(director/writer: Oscar Micheaux; cast: Iris Hall (Eve Mason), Walter Thompson (Hugh Van Allen), Lawrence Chenault (Jefferson Driscoll), Mattie Wilkes (Mother Driscoll), George Catlin (Dick Mason), Louis Dean (August Barr), Leigh Whipper (Tugi), E.G. Tatum (Abraham).; Runtime: 54; MPAA Rating: NR; producer: Oscar Micheaux; Micheaux Film Corp. ; 1920-silent)

“Embodies black soul.”

Reviewed by Dennis Schwartz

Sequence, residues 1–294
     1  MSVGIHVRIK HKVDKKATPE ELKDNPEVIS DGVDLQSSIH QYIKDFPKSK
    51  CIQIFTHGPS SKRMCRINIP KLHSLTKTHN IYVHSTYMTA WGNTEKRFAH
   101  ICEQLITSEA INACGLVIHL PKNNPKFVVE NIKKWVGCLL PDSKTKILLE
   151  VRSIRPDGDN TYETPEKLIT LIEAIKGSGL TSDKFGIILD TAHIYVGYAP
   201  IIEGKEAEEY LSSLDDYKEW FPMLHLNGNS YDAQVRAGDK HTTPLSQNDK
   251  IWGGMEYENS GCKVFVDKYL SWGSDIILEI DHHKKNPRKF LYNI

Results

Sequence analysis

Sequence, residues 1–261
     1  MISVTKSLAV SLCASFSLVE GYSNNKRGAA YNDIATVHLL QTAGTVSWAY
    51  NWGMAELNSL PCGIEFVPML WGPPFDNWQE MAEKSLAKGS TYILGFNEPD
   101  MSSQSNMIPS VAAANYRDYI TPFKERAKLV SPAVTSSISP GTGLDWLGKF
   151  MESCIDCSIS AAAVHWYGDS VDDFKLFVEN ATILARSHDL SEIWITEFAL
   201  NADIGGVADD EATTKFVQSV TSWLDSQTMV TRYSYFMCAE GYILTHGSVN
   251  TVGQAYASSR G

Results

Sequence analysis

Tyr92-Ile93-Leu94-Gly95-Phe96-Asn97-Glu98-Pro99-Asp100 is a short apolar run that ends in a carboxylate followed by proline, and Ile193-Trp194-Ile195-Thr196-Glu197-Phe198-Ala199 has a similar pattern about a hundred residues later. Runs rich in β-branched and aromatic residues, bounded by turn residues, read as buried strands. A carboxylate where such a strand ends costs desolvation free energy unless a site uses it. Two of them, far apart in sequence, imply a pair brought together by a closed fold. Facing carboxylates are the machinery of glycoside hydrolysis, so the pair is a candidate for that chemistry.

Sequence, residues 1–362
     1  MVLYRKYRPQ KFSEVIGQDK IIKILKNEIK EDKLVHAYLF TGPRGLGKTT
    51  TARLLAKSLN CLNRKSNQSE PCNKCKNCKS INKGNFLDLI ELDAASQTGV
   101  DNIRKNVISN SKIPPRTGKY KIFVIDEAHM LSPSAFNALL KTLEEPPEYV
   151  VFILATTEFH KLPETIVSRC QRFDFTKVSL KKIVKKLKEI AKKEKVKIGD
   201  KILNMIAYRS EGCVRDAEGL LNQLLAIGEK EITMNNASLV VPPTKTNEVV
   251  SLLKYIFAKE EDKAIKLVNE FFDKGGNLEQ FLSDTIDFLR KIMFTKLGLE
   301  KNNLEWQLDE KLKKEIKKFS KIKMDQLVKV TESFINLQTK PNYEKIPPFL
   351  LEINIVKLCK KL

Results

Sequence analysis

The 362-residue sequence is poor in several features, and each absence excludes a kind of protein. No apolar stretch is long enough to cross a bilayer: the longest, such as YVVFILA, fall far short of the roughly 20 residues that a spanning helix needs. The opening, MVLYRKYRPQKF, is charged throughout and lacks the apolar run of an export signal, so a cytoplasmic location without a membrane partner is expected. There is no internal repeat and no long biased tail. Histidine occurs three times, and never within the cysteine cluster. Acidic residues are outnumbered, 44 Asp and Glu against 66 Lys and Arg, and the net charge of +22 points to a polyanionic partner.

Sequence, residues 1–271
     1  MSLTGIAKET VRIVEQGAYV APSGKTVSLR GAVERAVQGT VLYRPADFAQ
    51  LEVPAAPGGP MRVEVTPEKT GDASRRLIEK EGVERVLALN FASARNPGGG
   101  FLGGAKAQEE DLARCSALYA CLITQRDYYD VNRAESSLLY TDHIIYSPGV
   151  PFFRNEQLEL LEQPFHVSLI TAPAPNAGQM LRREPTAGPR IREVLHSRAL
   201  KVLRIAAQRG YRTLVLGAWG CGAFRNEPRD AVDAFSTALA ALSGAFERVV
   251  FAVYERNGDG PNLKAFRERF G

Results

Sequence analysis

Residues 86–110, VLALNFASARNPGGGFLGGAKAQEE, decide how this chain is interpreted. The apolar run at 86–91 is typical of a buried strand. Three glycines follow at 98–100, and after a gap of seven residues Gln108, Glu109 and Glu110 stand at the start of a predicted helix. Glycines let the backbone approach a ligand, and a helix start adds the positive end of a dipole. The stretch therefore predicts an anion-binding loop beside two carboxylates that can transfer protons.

Prolific black filmmaker Oscar Micheaux(“Within Our Gates”/”Lying Lips”), who made over 40 featured films, makes this passionate indie silent as a protest against the racism of The Birth of a Nation. The lost film was found in the Belgian cinema archives and restored by TCM and the Museum of Modern Art in New York, with chunks of it still missing. The light-skinned Negro, Eve Mason (Iris Hall), leaves Selma, Alabama, after the death of her prospector grandfather (George Catlin). She goes to live in Oristown, in the Pacific Northwest, in a humble cabin she inherited from her grandfather. At a hotel stopover during a storm, she’s treated terribly by the owner Jeff Driscoll (Lawrence Chenault), a mulatto passing himself off as white. He hates blacks and gives her a room in the barn. In the morning, she limps away and is befriended by a handsome Negro prospector, Van Allen (Walker Thompson), who resides in a tent near her cabin. He acts as her protector. Though attracted to her makes no advances fearing rejection from the woman he perceives as white. The unscrupulous Driscoll partners with a slimy former white pastor (Louis Dean) and and a con man Indian fakir (Leigh Whipper) to swindle Van Allen out of his land when he discovers oil on it. The swindlers hire a white horse thief Bill Stanton (Jim Burris?), with connections to the local KKK, to work over the prospector. But he still can’t convince him to sell,. So they get the KKK (here called the Knights of the Black Cross) to drive him out of his land. Unfortunately the climax battle scene of the raiders thrown from their horses by Van Allen heaving bricks at them is lost. We learn that Van Allen survives and later we see he has become an oil tycoon. When he learns Eve is also Negro, they embrace. The score is tacked on by black jazz drummer Max Roach. It’s hard to fairly judge this melodrama since there’s key footage missing. But though it seems to be awkwardly paced, it embodies black soul.